• Thanks Susan. You’re right. I am the perpetual student. And that is why I started this. Not to teach anyone anything, but to share what I learn. Thanks for taking the time to comment. Oh and for reading :-)

    • I love your serendipitous attitude! You’ve entertained and educated me with your tangential “wandering the halls.” That has been my biggest pleasure in studying history and i am definitely a kindred spirit. Thanks for sharing your story, i think there are many kindred spirits reading your blog.

      As i commented before, i especially loved your comments on Margaret Sanger and Catherine Mc Cormick. I think the world should have a day honoring them. Has there been two other women who have changed our personal lives so much, and their actions could save the earth, if we set our minds to it. What happened to the zero population goal we talked about in the 1970′s?

      If you like blueberries, check out the woman who developed them, Elizabeth White of Whites Bog, NJ.

      • Jean I agree so much with you about Sanger and McCormick. I do try to stay informed about women in other, developing, parts of the world and the struggles they face. Even if women in industrialized parts of the world don’t appreciate their work, or take it for granted, it truly changes and saves the lives of women elsewhere. As does education of girls and women.

        And I love blueberries! Thanks for the name and for stopping by!

  2. I am excited to see where you go with this! I thoroughly enjoyed what you have done so far. I do a lot of genealogy and have found many of the women I have researched in your writings. Such fun!!! I have recommended it to many of my friends. Thank you for sticking with it!!!

    • Katherine, Thank you so much for the kind words. I’m intrigued that you have found connections with women you have researched. Are they your family connections or do you do work for others? I have just recently started documenting some of my own family history, searching census records, etc. It is fascinating but I’m just getting started. Thanks for taking the time to comment!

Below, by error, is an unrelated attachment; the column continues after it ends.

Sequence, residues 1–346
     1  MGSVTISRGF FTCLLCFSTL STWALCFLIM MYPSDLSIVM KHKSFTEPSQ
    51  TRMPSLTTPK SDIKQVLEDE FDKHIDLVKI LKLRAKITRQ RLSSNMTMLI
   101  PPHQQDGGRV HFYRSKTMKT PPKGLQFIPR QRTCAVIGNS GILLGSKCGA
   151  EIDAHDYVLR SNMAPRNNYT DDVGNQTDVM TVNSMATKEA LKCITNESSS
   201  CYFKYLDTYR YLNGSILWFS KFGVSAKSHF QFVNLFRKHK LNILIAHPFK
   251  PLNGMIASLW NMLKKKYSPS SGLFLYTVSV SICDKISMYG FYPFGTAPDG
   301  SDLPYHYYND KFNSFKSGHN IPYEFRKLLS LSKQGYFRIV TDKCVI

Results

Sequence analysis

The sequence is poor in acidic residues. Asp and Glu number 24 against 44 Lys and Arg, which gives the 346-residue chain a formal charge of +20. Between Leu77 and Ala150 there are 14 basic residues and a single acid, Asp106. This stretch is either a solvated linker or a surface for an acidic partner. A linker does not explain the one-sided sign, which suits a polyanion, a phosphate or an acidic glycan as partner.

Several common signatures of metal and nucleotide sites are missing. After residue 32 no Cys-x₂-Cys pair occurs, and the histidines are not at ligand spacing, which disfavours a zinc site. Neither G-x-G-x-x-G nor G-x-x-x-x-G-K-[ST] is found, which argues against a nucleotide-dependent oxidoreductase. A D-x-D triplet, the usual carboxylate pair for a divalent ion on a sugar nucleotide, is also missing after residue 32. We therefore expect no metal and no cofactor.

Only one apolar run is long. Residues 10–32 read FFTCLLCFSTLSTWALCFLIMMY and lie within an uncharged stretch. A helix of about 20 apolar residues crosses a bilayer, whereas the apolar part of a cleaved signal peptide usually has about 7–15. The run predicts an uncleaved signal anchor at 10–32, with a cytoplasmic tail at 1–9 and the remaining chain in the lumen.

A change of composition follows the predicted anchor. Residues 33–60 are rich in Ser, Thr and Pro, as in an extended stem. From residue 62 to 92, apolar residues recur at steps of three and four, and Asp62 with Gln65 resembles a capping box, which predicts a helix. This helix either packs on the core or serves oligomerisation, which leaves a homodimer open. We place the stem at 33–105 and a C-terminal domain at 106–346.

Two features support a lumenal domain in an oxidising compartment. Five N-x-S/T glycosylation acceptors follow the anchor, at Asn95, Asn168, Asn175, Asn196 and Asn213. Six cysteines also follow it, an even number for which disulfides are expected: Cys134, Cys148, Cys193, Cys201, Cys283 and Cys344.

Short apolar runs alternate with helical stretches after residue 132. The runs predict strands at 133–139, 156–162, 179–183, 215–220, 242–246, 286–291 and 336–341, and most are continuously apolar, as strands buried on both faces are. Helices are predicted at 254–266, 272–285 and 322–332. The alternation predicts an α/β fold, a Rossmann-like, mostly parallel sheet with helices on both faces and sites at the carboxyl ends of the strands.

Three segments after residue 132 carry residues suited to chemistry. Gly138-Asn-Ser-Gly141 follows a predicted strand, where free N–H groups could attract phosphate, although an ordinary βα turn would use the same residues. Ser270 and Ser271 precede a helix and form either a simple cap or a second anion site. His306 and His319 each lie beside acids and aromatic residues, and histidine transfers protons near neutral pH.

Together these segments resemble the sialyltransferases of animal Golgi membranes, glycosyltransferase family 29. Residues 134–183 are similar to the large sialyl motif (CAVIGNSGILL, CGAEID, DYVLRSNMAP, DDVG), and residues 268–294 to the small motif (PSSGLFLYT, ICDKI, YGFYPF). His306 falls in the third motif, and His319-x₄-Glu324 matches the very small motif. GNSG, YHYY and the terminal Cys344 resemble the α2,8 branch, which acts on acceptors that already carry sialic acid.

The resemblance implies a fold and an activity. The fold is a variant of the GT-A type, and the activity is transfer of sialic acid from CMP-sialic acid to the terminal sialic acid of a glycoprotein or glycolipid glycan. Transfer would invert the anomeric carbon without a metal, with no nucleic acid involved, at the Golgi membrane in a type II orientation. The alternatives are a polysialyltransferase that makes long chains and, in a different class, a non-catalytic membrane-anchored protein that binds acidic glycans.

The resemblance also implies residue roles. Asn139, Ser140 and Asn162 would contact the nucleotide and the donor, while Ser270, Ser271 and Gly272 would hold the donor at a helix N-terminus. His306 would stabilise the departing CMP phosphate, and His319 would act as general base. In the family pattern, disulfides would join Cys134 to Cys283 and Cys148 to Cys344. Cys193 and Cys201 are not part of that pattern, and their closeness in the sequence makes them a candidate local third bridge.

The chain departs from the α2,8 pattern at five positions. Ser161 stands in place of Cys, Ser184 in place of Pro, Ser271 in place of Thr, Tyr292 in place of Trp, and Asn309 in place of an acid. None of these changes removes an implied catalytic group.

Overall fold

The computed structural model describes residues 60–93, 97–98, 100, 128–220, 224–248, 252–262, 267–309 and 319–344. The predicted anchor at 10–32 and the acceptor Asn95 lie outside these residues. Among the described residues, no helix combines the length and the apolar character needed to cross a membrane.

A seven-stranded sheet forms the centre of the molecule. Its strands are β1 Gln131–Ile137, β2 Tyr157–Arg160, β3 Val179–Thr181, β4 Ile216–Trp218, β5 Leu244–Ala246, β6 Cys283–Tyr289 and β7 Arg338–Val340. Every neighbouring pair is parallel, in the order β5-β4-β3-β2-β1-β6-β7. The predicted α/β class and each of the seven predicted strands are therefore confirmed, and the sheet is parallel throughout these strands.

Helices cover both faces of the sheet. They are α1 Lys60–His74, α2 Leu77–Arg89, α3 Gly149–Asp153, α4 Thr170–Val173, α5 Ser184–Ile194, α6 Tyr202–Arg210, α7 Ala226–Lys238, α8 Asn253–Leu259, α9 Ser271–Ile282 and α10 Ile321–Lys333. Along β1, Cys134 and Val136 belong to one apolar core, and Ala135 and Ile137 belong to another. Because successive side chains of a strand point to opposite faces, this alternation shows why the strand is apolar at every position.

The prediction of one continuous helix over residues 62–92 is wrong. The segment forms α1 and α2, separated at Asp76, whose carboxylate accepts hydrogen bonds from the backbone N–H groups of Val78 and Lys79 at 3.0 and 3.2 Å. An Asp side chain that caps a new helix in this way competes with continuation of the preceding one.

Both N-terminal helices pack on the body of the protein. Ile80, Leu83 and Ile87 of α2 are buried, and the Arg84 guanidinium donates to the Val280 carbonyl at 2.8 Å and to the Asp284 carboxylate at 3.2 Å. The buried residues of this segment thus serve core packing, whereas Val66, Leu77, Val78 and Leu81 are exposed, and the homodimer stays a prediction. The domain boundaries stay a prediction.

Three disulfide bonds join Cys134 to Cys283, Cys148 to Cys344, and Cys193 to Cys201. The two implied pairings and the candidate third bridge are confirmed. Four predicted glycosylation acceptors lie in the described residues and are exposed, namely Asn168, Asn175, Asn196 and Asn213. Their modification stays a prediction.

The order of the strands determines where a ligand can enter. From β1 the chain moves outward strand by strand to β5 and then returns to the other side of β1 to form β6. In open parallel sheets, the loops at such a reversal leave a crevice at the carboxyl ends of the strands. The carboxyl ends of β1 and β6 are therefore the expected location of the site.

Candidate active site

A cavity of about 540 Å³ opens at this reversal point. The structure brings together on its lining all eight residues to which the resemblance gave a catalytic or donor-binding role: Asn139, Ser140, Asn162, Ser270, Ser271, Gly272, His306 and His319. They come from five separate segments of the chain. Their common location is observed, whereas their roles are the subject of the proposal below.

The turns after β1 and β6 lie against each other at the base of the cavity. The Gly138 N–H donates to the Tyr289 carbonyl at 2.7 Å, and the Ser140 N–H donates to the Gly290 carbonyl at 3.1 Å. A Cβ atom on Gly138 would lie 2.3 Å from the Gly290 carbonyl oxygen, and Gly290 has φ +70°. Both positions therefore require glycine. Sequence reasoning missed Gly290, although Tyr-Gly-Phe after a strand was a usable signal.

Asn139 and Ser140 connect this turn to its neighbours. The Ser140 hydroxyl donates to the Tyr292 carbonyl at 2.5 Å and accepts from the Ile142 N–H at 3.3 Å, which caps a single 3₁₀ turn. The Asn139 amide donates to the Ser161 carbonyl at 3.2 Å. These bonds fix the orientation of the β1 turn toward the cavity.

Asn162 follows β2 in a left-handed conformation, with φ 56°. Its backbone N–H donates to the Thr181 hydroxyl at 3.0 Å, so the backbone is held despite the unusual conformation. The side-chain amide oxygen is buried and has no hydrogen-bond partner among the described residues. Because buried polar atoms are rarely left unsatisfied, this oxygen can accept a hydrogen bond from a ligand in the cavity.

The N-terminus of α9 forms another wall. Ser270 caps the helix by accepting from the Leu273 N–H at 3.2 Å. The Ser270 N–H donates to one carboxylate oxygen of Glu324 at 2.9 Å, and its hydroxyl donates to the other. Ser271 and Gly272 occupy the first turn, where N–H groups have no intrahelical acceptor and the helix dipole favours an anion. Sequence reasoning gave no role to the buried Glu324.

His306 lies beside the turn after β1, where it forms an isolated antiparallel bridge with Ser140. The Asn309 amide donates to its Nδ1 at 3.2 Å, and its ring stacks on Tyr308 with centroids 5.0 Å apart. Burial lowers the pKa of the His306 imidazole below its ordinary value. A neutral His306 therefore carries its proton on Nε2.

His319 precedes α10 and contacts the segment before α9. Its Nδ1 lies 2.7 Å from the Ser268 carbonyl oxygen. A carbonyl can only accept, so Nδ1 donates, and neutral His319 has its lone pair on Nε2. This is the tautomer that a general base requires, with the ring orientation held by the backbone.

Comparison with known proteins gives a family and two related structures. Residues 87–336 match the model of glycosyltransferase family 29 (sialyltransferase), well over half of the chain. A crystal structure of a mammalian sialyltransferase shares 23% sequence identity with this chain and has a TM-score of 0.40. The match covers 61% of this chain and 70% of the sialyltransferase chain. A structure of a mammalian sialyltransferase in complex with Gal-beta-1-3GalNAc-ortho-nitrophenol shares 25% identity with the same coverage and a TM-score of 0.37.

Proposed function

3. Susan-We are kindred spirits. I’m a Jill too!!! My attempts at house cleaning and organizing follow the wandering….I’ll start one project and jump to another. Explains why my bathroom was 3/4 painted for two years….Excellent as always, and like the other ladies, I’m content to wander along!

    • LOL :-) I guess it does apply to other areas of my life at times too. I do think there is virtue in finishing things, but not just for the sake of finishing. At least not at this point in my life. I used to always finish any book that I started. Now if it’s not good, there are too many other things that I would rather spend my time on. Thanks Tami!

  4. Aloha Susan. As a credentialed historian, let me tell you the most important aspects of being an historian are passion for your subject and strong research skills. These you have. Thank you for sharing your research results.

    • Sandra, Thank you so much for the encouragement. I guess all those years of honing my analytical skills in math and science weren’t wasted :-) What is your area of expertise? ‘Aloha’ reminded me, I watched a documentary about the conquest of Hawaii this weekend. I’ve read a little about it and it is sadly part of American history that many don’t know about. Thanks for reading and taking the time to comment.

  5. Susan, great piece. I enjoyed reading a bit of your personal “Hall of History.” I agree with you that “facilitating” as opposed to “teaching” can be a far more effective and empowering method of evoking the learning process from within, rather than imposing it externally. As for other interesting women, have you done much research on the Goddess Inanna? From what I know of her story she would make excellent grist for your mill.

    • Thanks Nena, I know a little about Inanna, I occasionally post artifacts, etc of gods and goddesses from ancient sites on the ancient history FB page. It’s been a while since I’ve done much reading about her, but I do have some good books. I’ll read up on her. :-)

  6. As always, Thanks for offering your thoughts and your insights. As a brit and a male, I am concerned about becoming involved in any discussion about women with a woman – too many ‘isms to confuse the few words offered in this type of exchange. If I ever find anyplace that I can assist with offering any factual information then I’ll comment – but not with opinions!

    • I understand completely Geoff, especially when people define so many of those ‘isms differently. Even among women there are many disagreements and often the inability to see the other person’s perspective. I am also aware of the fact that as an American woman, I have my limitations as well. Part of what I love about history is seeing the diversity among people and hopefully transcending some of those limitations along the way. That being said, as a math and science person by training, I do love those facts! Your input is always welcome, fact or opinion. Thanks for commenting! :-)